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Rational Mysticism - general

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message 1: by Paul (last edited Aug 25, 2016 01:22PM) (new)

Paul | 2 comments Mod
Welcome, UU Mystics and visitors!

I'm still reading, so I don't know yet what I really think about what Horgan is saying in his book, but so far I'm enjoying reading it. One observation: I'm feeling that his acknowledged bias, that "a sense of absolute knowledge is the sine qua non of mystical experiences" (p. 7), sometimes causes him to mush together the mystical and speculative elements of religion. Mystical experience does convey knowledge, but the moment we cross the threshold into words we are in the speculative (rational/theological) realm, no longer in the mystical (experiential). And I'm not so sure "absolute knowledge" is what mysticism conveys, at least not every time. Sometimes it's just new or richer or more vivid awareness. Anyway, that's how I see it.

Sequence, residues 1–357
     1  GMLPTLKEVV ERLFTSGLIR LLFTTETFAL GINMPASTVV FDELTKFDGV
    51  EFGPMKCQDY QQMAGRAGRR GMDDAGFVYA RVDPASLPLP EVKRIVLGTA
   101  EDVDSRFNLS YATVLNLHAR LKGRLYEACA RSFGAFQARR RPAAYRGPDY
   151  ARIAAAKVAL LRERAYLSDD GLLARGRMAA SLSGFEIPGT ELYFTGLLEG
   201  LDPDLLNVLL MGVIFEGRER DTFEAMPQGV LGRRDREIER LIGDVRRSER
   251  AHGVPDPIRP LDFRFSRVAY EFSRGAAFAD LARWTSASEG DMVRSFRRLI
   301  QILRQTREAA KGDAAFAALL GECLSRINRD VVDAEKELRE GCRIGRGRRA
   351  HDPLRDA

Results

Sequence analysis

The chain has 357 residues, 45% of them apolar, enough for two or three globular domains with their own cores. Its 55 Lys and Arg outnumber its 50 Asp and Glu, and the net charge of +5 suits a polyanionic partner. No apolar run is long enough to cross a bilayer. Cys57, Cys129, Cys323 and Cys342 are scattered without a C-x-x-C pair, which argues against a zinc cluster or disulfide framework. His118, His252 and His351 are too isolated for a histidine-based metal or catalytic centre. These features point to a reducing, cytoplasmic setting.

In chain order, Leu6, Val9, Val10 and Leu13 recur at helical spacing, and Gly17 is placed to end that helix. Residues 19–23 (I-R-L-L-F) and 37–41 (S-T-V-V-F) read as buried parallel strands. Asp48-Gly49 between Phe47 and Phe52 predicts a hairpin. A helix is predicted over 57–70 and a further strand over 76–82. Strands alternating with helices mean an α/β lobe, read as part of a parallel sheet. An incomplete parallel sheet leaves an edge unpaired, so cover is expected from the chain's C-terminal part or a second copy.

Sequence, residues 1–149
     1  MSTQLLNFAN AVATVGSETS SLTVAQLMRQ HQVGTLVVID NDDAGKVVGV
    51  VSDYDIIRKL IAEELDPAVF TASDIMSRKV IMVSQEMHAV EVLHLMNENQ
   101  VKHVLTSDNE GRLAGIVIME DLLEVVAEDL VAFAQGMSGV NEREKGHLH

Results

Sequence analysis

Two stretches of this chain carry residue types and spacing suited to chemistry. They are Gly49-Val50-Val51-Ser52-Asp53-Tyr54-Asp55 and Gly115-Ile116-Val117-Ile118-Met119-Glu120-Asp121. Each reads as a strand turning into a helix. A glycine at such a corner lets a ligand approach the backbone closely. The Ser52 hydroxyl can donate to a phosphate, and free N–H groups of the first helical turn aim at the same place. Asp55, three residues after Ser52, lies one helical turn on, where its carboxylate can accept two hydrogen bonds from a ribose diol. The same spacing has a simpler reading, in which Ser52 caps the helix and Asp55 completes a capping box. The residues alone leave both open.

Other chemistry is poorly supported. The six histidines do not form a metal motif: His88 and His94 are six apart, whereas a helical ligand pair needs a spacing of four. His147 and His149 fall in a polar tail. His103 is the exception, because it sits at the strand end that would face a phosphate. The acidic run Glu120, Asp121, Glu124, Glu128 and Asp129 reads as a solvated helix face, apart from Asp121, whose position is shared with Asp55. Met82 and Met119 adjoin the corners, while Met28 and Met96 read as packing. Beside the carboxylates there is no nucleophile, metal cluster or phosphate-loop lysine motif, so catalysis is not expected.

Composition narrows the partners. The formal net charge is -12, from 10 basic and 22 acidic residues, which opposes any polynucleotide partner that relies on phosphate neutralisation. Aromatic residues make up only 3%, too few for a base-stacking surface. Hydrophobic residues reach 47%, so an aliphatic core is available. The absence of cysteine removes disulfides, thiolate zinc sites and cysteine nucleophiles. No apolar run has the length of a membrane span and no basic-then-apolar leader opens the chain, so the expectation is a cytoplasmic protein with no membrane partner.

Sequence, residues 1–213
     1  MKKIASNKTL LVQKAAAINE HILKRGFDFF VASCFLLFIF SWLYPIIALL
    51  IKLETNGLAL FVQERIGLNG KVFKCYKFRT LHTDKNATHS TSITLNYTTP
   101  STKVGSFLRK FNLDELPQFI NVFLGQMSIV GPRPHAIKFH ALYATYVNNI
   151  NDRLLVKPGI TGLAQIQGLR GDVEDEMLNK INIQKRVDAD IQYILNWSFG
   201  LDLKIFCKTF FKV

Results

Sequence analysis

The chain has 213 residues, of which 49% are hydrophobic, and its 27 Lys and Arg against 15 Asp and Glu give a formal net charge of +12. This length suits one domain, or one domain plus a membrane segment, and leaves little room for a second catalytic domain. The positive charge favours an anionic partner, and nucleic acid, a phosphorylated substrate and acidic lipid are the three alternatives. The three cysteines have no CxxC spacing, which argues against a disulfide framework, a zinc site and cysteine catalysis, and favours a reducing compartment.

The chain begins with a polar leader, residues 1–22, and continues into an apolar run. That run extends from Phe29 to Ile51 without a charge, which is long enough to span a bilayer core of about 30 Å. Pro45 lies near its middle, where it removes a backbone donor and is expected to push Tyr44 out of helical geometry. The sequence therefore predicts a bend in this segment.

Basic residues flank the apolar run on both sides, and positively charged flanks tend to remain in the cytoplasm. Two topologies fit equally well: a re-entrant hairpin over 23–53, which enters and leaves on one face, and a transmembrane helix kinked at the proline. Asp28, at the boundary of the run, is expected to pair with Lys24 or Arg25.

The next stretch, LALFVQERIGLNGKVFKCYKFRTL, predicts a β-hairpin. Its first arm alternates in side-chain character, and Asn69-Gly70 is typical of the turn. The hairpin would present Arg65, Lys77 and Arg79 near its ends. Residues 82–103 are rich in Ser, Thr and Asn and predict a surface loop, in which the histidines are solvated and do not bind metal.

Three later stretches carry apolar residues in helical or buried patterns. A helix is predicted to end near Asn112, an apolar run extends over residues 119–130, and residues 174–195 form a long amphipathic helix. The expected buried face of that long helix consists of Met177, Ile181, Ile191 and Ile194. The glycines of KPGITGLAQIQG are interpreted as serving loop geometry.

I find it very valuable and stimulating, how Horgan parses out the differing views of Huston Smith and gnostics and Bernard McGinn. I've read quite a bit of both Smith and McGinn (including all installments of his work-in-progress, "The Presence of God"), and was very interested in McGinn's comments about Smith and about "the perennial philosophy."

I'll post some more when I've read some more. What do you think or feel about this book so far?

message 2: by Paul (last edited Aug 25, 2016 01:27PM) (new)

Paul | 2 comments Mod
I finished the book yesterday, and my review is now posted - have a look!

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